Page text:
Sun, Aug 05, 2018 - Page 11 News List

Paraplegic driver scores first professional win

AP

Race car driver Michael Johnson explains how he drives his No. 54 Audi in Elkhart Lake, Wisconsin, on Thursday.

Photo: AP

Michael Johnson’s big grin never seems to disappear, because he is doing what he loves.

The smile sticks out as he drives the No. 54 Audi for JDC-Miller Motorsports in the Continental Tire SportsCar Challenge, and when he drives his other set of wheels: the wheelchair he uses when he is not behind the wheel.

“I do it [racing] to get myself out of the wheelchair. It’s a big thing,” said Johnson, who is paralyzed from the waist down. “I’m a totally separate person [in the car]. I don’t have to deal with any of the stresses in life. I can really just focus on what I’m really good at — driving a race car and having fun doing it.”

The native of Flint, Michigan, is one of a handful of race car drivers who are disabled and competing worldwide at the top levels.

One of his heroes, former open-wheel star Alex Zanardi, lost his lower legs in a crash in Germany nearly two decades ago. Now 51, Zanardi, a two-time CART champion who also drove in Formula One, returned to racing, won in world touring cars and is still driving.

Turns out the 25-year-old Johnson is also good enough to win.

Johnson and codriver Stephen Simpson on July 21 combined for their first win in Lime Rock, Connecticut. It was their third straight podium of the season and another positive sign for Johnson in his recovery from a devastating crash.

“It’s been a fantastic evolution,” said Simpson, who has helped coach Johnson for the past seven years. “We’ve gone on a long road together.”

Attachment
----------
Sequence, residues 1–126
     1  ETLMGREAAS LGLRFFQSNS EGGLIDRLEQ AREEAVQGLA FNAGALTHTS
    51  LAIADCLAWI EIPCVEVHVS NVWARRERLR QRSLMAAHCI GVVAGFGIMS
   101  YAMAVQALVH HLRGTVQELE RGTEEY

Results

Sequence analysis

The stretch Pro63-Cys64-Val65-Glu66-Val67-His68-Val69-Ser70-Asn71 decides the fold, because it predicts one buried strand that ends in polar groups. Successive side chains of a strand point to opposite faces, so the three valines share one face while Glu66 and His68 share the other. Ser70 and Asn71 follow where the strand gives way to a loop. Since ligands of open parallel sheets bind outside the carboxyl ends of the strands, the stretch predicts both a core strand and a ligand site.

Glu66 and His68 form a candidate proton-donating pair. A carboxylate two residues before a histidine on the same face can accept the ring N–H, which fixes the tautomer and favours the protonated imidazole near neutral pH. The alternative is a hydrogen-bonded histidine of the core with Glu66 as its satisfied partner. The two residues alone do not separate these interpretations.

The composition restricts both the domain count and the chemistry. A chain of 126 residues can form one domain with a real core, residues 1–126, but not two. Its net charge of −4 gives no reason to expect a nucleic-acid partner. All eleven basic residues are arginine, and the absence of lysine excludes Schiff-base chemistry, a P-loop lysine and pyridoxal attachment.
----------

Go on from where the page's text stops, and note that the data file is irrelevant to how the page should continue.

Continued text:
Johnson won 14 national motorcycle championships by age 12 and was on the cusp of landing a deal for a permanent ride with a manufacturer, when his budding career skidded to a dramatic halt on a dirt track in Canada in 2005.

He was involved in a crash in Sarnia, Ontario, breaking his collarbone, left ankle, left leg, ribs and, worst of all, two vertebrae in his back.

The first thing out of his mouth was: “Don’t make me quit racing,” said his father, Tim, a former motorcycle racer.

Four rods and 15 screws were inserted in Johnson’s back during an 11-hour operation. He spent a couple of months in the hospital and another month at home in bed.

“It happens in racing, so I’m not going to dwell on it,” Johnson said. “That was 13 years ago. I’ve moved on.”

On Dec. 24, 2006, Johnson took a spin in a specially equipped go-kart with hand controls in the parking lot of his father’s phosphate coating business, which has allowed the family to help him pursue his dreams.

“It was a good feeling,” he said. “That’s when everything started.”

After getting clearance from his doctors, Johnson won a go-kart title and his career on four wheels began a rapid ascent.

IndyCar team owner Sam Schmidt, who also was paralyzed in a crash, advised Johnson to get involved with Skip Barber Racing.

After lawyers approved his entry into the formula car series, Johnson ran a partial schedule in 2010 with modified hand controls. He competed in the entire summer series the next year, winning at Watkins Glen and twice at Elkhart Lake among seven podium finishes.

Johnson spent two seasons in USF2000 and two more in Pro Mazda as he chased an open-wheel ride with an eye on competing some day in the Indianapolis 500, a dream he still has.

Acquisition three years ago of a hand-controlled driving system produced by Guidosimplex of Italy gave Johnson an edge he needed. His steering wheel features two rings — one for the throttle, the other to brake — and paddle shifters allow him to grip the steering wheel to navigate the serious turns on the road courses used by the series.

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